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April 24, 2023

What’s Next for the International Agency for Research on Cancer in 2023: Aspartame, Methyleugenol, PFOA, PFOS, and More


The International Agency for Research on Cancer (IARC), a specialized cancer agency of the World Health Organization (WHO), will hold its annual Monograph volumes this year. IARC’s Monograph is the WHO’s official program of hazard identification. IARC is holding three separate volumes (i.e., meetings) in 2023 to evaluate various chemicals for potential carcinogenic effects to humans.

  • Meeting 133: From February 28 to March 7, IARC assessed four chemicals: anthracene, 2-Bromopropane, butyl methacrylate, and dimethyl hydrogen phosphite. These agents are used to make dyes, drugs, plastics, pesticides, and other chemicals. See background information here and here. The working group classified anthracene, butyl methacrylate, and dimethyl hydrogen phosphite as possibly carcinogenic to humans (Group 2B). 2-Bromopropane was classified as probably carcinogenic to humans (Group 2A). The full scientific assessment will be published as Volume 133 of the IARC Monographs.
  • Meeting 134: On June 6 to 13, the agency will evaluate aspartame, methyleugenol, and isoeugenol. Aspartame is a very common product found in approximately 6,000 food products worldwide, including soft drinks, chewing gum, confections, gelatins, dessert mixes, puddings and fillings, frozen desserts, yogurt, tabletop sweeteners, and some pharmaceuticals such as vitamins and sugar-free cough drops. The global aspartame market stood at over US$380 million in 2022. Methyleugenol has been used as a flavoring agent in jellies, baked goods, non-alcoholic beverages, chewing gum, candy, puddings, relishes, and ice cream. Methyleugenol, along with isoeugenol, is also widely used as a fragrance ingredient in perfumes, toiletries, and detergents.
  • Meeting 135: On November 7 to 24, IARC will look at perfluorooctanoic acid (PFOA) — for the second time — and perfluorooctanesulfonic acid (PFOS). These two chemicals have been used to make nonstick cookware, water-repellent clothing, stain-resistant fabrics and carpets, some firefighting foams, and various products that resist grease, water, and oil.

IARC’s decision to review these chemicals is something companies whose products use these ingredients should pay attention to because, as recent history tells us, IARC decisions can have significant impact on companies’ products. For example, in March 2015, IARC classified glyphosate, the active ingredient in Monsanto’s Roundup™ brand of herbicides, as “probably carcinogenic to humans.” Notwithstanding the Environmental Protection Agency’s conclusion that there is no evidence that glyphosate causes cancer in humans, IARC’s classification spawned numerous lawsuits in several jurisdictions that are still ongoing.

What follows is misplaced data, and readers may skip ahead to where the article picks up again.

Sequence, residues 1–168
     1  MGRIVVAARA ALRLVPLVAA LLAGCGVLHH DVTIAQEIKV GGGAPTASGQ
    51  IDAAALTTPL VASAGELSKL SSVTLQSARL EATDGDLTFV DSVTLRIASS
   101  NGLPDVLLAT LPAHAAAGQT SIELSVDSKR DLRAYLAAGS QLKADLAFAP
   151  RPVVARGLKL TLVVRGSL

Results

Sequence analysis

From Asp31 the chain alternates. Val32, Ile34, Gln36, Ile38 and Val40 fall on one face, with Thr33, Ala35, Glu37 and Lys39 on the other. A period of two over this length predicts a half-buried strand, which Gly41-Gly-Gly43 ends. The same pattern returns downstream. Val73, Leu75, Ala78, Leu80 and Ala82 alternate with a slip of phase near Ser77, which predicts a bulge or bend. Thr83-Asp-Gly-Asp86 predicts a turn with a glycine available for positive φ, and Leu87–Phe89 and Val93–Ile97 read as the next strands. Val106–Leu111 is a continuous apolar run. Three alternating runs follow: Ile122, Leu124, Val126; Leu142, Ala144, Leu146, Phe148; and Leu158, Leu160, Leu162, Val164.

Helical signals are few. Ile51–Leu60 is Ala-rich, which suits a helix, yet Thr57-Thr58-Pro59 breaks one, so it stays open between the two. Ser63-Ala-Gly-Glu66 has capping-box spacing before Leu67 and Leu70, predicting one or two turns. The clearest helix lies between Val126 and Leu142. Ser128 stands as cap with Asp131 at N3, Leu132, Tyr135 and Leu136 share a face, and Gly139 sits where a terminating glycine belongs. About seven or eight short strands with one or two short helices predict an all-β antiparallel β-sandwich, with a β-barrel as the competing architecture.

But while Roundup is confined to certain herbicides used on farms, lawns, and gardens, IARC’s findings related to more ubiquitous chemicals, such as aspartame, has the potential for a much larger reach — aspartame alone is found in approximately 6,000 food products worldwide. And in the context of products liability litigation, it is possible for any party in the chain of manufacture and distribution — not just food and beverage companies, for example — to be included in potential lawsuits. As demonstrated by the ongoing Roundup litigation, IARC’s classification of these chemicals as carcinogenic poses a litigation risk, even in the face of more extensive, authoritative science on the safety of these agents.

In addition to being a potential catalyst for new litigation, IARC’s classifications can also impact existing litigation. For example, IARC already evaluated PFOA in 2016, finding that it was “possibly carcinogenic to humans.” But at that time, IARC only found “limited evidence in humans” for the carcinogenicity with respect to cancers of the testes and kidneys in heavily exposed individuals. Even so, IARC’s 2016 findings appear in class action complaints — for example, in litigation related to aqueous film forming foam (AFFF), a firefighting foam that often contained PFOA and is alleged to have contaminated drinking water1 — and in advertisements to broader audiences. And while the reasons behind IARC’s decision to revisit PFOA are not clear, it suggests that IARC could consider a new classification of carcinogenicity. Should IARC add additional cancers to its earlier Monograph volumes on PFOA or change the classification from the current “limited evidence in humans” finding, the updated classification could be cited by plaintiffs in ongoing PFOA litigation or incentivize entirely new suits altogether. Of course if IARC reverses course on PFOA, we could also see the opposite impact on litigation.